Potty messes, chewed shoes, annoyingly begging at the table—these are a few scenarios every dog owner understands.
After bringing home a new dog, it takes a while for your dog to grasp a hold of the house rules. But give him some time, and your dog will get the hang of it. It just takes a heaping dose of patience.
Dogs can absolutely learn from their mistakes. It all boils down to memory. Memory is a big reason why humans and animals can accomplish anything. After all, how could your dog learn all those commands, faces, and new places?
But just how good is a dog’s memory anyway? If they can run races, fight bad guys, and protect their owners, their memory must be good. Does that mean it works the same way as a human?
If these questions keep you up at night, we have some good news. We’re answering these questions in today’s post! Let’s get started.
How Good Is a Dog’s Memory?
If it weren’t for their great memory and willingness to please their owners, dogs probably wouldn’t be man’s best friend. Can you imagine training a dog and never retaining information? No doubt, many dog owners would go berserk. Thankfully dogs retain information well. But there’s still much to learn about dog memory and cognitive function!
We know dogs have memories, but it’s still unknown how dogs navigate through those memories to learn. It’s also unclear if specific dog breeds outdo other breeds’ cognitive ability. But overall, their memory is top-notch.
To better understand this, we have to talk about the different types of memory and how this affects how dogs learn.
Short-Term vs. Long-Term Memory
Short-term memory is the mind’s ability to store a small amount of information for a short time. On the other hand, long-term memory keeps an indefinite amount of information for an extended period.
Dogs have excellent short-term memory but tend to forget something after 2 minutes. But with enough repetition and association, short-term memory can become long-term memory.
For example, teaching your dog to sit for the first time would be stored as short-term memory. As your dog practices and picks up on the skill, it learns the command and keeps it as long-term memory.
Associative vs. Episodic
Does your dog jump for joy when you reach for the leash and collar? If he does, this is associative memory. Your dog created a simple equation in its head: Leash + collar + walk = a great time!
But maybe the only time you get out the leash and collar is when it’s time to go to the vet. In that case, your dog associates the two items with a scary experience and tries to run for the hills.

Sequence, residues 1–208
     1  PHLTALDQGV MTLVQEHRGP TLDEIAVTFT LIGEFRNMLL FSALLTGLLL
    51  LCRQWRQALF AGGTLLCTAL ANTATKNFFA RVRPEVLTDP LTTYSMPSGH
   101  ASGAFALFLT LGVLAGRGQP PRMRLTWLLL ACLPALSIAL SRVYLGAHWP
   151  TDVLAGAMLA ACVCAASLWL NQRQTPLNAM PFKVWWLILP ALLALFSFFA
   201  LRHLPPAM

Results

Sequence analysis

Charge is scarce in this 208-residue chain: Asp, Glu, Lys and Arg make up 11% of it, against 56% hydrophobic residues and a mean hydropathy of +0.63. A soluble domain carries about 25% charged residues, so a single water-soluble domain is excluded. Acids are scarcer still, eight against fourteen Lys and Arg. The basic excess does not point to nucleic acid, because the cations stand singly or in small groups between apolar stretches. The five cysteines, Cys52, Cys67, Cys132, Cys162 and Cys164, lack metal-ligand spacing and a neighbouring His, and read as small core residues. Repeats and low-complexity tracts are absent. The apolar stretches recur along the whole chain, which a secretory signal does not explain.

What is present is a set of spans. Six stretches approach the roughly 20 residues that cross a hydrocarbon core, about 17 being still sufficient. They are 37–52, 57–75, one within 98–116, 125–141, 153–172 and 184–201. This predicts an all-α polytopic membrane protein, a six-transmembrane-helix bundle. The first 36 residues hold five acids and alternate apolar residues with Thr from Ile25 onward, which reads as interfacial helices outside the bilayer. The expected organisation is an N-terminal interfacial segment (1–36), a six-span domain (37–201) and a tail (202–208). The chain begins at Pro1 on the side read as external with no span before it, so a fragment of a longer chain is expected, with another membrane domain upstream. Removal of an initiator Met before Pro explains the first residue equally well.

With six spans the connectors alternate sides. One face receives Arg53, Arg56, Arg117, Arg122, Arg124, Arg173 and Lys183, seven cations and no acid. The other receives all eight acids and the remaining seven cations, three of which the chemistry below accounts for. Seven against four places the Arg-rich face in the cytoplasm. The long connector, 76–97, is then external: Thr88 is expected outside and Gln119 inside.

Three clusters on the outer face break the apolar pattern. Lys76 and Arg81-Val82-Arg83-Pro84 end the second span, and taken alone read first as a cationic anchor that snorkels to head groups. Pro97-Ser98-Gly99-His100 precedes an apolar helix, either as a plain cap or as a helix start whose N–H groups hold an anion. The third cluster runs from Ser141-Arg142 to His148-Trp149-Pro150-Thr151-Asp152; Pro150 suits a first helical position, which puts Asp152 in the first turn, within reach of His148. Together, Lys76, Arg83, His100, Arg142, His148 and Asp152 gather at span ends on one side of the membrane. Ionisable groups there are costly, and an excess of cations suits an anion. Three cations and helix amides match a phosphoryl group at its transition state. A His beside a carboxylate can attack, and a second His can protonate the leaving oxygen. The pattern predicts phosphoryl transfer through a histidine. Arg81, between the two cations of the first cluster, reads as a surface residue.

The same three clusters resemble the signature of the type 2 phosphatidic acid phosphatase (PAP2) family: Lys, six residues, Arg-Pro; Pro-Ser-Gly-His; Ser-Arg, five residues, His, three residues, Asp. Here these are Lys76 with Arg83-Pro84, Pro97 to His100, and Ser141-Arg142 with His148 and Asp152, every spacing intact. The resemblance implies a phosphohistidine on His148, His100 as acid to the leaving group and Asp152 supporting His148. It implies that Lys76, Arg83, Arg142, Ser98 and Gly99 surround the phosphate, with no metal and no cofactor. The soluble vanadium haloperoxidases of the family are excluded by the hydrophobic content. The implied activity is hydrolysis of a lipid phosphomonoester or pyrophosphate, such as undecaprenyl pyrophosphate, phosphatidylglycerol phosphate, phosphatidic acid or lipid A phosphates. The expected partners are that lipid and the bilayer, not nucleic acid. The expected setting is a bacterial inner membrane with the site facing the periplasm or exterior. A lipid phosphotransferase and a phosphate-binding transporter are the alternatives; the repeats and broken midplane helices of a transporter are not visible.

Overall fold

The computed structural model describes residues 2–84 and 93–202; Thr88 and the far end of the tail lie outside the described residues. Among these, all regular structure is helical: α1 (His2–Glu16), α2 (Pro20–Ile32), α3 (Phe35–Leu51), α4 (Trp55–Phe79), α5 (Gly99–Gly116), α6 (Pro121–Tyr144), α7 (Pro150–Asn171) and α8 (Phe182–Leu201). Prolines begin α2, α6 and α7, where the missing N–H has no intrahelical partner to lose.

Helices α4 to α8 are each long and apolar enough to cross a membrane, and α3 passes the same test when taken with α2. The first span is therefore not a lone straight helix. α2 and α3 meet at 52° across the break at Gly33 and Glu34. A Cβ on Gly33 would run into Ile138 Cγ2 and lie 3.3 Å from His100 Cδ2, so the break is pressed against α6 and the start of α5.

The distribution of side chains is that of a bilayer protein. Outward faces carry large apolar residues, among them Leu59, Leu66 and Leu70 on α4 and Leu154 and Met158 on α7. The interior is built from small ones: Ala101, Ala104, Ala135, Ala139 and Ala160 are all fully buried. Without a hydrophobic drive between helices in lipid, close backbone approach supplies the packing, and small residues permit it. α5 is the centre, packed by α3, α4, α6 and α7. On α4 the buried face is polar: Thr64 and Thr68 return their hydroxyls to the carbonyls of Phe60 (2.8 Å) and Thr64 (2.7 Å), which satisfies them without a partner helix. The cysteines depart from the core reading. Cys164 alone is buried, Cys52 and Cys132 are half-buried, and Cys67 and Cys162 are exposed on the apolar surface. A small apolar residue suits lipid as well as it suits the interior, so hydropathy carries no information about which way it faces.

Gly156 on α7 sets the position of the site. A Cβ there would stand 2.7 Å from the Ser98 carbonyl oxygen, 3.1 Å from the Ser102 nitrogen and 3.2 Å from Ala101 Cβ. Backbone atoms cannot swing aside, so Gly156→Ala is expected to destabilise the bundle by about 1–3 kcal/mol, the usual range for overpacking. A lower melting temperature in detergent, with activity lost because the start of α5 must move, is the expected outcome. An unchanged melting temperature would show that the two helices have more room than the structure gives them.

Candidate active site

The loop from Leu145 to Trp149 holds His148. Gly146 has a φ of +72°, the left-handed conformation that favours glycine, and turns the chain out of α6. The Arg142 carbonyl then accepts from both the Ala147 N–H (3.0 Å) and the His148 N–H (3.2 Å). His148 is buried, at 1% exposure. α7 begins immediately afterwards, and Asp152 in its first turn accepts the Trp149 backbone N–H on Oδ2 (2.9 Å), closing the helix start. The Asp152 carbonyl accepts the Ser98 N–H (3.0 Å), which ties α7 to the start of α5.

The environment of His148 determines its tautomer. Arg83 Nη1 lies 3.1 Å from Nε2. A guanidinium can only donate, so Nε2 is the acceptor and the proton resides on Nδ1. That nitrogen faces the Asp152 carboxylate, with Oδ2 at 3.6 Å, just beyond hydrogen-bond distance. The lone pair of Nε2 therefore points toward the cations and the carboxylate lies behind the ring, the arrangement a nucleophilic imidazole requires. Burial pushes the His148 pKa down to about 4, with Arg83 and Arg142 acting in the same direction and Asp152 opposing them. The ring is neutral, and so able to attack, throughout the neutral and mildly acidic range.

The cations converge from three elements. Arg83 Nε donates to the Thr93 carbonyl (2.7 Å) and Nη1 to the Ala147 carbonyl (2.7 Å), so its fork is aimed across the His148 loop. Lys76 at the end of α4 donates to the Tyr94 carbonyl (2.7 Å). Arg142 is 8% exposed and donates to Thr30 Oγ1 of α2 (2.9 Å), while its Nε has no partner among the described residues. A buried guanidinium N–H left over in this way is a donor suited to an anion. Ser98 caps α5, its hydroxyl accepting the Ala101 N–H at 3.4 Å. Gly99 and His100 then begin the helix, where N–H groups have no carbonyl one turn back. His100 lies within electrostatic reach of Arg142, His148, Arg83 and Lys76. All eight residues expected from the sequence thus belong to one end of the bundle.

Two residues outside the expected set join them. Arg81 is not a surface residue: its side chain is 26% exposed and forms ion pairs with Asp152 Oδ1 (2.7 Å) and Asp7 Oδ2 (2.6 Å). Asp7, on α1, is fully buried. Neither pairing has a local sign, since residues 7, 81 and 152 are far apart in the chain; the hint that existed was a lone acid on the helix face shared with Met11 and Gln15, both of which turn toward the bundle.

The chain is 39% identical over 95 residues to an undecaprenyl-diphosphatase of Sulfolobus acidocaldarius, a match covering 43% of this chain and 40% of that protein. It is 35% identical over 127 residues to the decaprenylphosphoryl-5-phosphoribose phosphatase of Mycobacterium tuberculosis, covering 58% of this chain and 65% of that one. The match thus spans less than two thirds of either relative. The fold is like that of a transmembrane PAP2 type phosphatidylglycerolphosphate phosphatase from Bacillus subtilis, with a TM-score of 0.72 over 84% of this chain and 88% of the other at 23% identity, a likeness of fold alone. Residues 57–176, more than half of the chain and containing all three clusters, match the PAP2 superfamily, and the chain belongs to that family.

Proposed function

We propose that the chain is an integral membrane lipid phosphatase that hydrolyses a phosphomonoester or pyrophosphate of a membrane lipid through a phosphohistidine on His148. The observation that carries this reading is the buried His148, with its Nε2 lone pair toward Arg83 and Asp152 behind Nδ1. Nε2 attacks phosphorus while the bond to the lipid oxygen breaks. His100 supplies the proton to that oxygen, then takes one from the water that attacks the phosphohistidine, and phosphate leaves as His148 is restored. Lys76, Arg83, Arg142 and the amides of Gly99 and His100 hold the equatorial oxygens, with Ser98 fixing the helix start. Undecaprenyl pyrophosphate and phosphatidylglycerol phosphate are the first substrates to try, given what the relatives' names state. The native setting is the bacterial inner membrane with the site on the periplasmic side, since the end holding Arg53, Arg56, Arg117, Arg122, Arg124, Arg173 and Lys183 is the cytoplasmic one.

Associative memory usually involves objects, people, and places. Episodic memory typically involves events. For instance, a car accident might prevent your dog from loving car rides. Depending on how your dog learns, both types of memory can be positive or negative.
So, what does all this have to do with dogs making mistakes? It means that dogs learn from their mistakes just like we do. They need a few tries before understanding what’s good and bad. But how they shift through that information remains a mystery to scientists!
Dogs Apologize—And They Mean It
More than anything, dogs want to please their humans. They don’t want us to feel angry, disappointed, or frustrated with them, especially when they’re still learning. When dogs apologize, they tuck their tail between their legs, lay their ears down, and furrow their brow. From their faces, it’s clear they’re sorry and sometimes afraid of what will happen next.
It’s heartbreaking to see your pup like that, even when you’re fuming with anger. But what can you do?
You can always accept your dog’s apology. We know it’s easier said than done, but dogs are animals before they are companions. Sometimes, instinct gets the best of them. You can still reprimand your dog, but don’t yell or hit. This only makes your dog afraid of you, and we don’t want that.
Do Dogs Know when Humans Make Mistakes?
Emotion is a big driver for dogs. They sense when you feel sad, stressed, or angry because they feel these same emotions!
Dogs don’t understand when you’ve made a mistake as a dog owner, but they do understand emotions and what it feels like to have feelings hurt.
When you make a mistake as a dog owner—and you will—show your dog you love him. Pet him, scratch him on the noggin’, and kiss him if he’ll let you. Use a soft, affirming voice when speaking to your dog. Show him you still love him.
Owning a dog isn’t easy. But thankfully, dogs learn from their mistakes and love their owners unconditionally. All you can do is take the lesson and do better tomorrow!
We all make mistakes, and your dog is no exception. Luckily, dogs have a great memory to help them learn from their mistakes. As a dog owner, you play a part in teaching your dog right from wrong. You’ll make mistakes as you go, but that’s part of the territory. Both you and your dog will learn from those mistakes. Isn’t that what life is all about?
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Featured Image Credit: My July, Shutterstock